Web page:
Low Cut Connie
Low Cut Connie was recently called “the essence of what rock n roll should be” by Greg Kot (Sound Opinions / NPR)..and the New York Times has said “their live show is a phenomenon.” They have been a rolling DIY caravan with an explosive live act bubbling under the surface of the music industry for 5 years, building an obsessive fanbase from all walks of life...white and black, straight and gay, young and old...salty lunatics of every persuasion. Even former President Barack Obama is a fan. He chose their anthem of low-brow American life “Boozophilia” for his Spotify Playlist and met with Weiner at the White House in 2016.
But with Dirty Pictures (part 1), Low Cut Connie moves beyond the drunken bar boogie they have become associated with into a deeper, darker, dirtier American life.
“We’ve been thought of as a great party band by so many people, and we wear that as a badge of honor, but I really wanted to go deeper with this record.” Weiner said recently. “We’ve been travelling this country now for a number of years, meeting people of all stripes, entertaining them in their bars and sleeping on their couches, laughing hard, holding them tight and sweating it out with them...I wrote this record really thinking about how people are feeling and living in this country these days. It’s a wild scene out there.”
And what is it that best brings Americans together in such wild and dirty times? Weiner has a simple answer: “Rock n roll. Nothing moves people more...it’ll make the most unsuspecting citizen hot, horny, angry, weepy and emotional and ultimately open to life like never before. I’ve seen it happen. That’s what we do. We change the molecules in the room.”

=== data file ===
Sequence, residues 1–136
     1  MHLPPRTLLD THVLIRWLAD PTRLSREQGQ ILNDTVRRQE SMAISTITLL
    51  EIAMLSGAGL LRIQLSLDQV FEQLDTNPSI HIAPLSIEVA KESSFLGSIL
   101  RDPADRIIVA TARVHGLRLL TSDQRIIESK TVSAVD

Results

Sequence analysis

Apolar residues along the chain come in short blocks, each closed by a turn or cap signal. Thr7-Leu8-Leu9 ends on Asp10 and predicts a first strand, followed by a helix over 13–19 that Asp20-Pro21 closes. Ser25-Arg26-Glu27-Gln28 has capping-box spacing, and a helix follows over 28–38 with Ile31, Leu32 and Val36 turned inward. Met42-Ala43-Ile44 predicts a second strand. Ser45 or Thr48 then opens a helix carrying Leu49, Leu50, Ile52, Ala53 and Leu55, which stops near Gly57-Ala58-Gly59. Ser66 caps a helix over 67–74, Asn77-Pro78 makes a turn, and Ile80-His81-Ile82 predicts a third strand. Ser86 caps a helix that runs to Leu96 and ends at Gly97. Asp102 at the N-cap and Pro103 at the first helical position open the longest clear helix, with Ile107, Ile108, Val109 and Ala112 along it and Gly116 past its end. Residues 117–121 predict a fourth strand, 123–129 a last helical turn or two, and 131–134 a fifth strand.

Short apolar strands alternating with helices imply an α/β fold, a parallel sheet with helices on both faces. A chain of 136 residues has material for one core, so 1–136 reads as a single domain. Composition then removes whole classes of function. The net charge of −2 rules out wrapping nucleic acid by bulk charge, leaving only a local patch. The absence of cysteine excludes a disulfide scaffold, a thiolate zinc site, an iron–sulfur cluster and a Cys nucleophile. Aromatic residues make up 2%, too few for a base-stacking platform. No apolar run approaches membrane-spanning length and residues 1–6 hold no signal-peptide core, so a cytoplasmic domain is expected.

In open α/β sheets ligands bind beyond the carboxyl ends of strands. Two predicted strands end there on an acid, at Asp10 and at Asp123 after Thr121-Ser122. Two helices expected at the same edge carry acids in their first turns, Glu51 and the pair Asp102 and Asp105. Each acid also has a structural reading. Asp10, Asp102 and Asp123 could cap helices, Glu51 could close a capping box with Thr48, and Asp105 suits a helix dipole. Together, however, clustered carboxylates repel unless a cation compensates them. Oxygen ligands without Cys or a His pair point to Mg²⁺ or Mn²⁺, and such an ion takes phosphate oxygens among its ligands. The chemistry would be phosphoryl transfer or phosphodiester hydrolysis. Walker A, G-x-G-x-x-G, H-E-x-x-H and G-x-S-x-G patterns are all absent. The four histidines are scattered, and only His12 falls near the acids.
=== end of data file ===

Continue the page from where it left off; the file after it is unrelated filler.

Whether they succeed or not, Low Cut Connie always attempts to make us feel something real, something very raw. With Dirty Pictures (part 1), this little rock n roll band from Philadelphia attempts to undress America, laughing and crying real tears with us all night long.
Skribe travels from town to town in a blue hearse spreading their own blend of garage folk: drawing from roots Americana & the 60's garage rock spirit. The bands' latest release 'Postcards' rumbles & creaks from the blues punk growl of 'Mayonnaise & Honey' to the Hawaiian lapsteel laced ballad 'Strangers' - a tribute to The Kinks.
Skribe plays an oil can called a canjo-zookie. It’s an eight-string guitar with a biting, blues-y rasp. Skribe’s got the voice (and the old-school Cadillac) to match. Accompanying himself on the suitcase-kick and hi-hat, Skribe’s “M.I.Y.” is a barn-burning roots number.
- Ben Naddaff-Hafrey NPR
If Chris Stapleton can find a way to win four CMA Awards in 2015, then maybe there’s hope that the country community will be smart and adopt SKRIBE and his oil-can “canjo-zookie” too. With gauged ears and a suitcase for a kick-drum, he’s exactly the kind of phoenix a burning-alive country industry needs right now.
-Bryce Rudow Editor in Chief at Random Nerds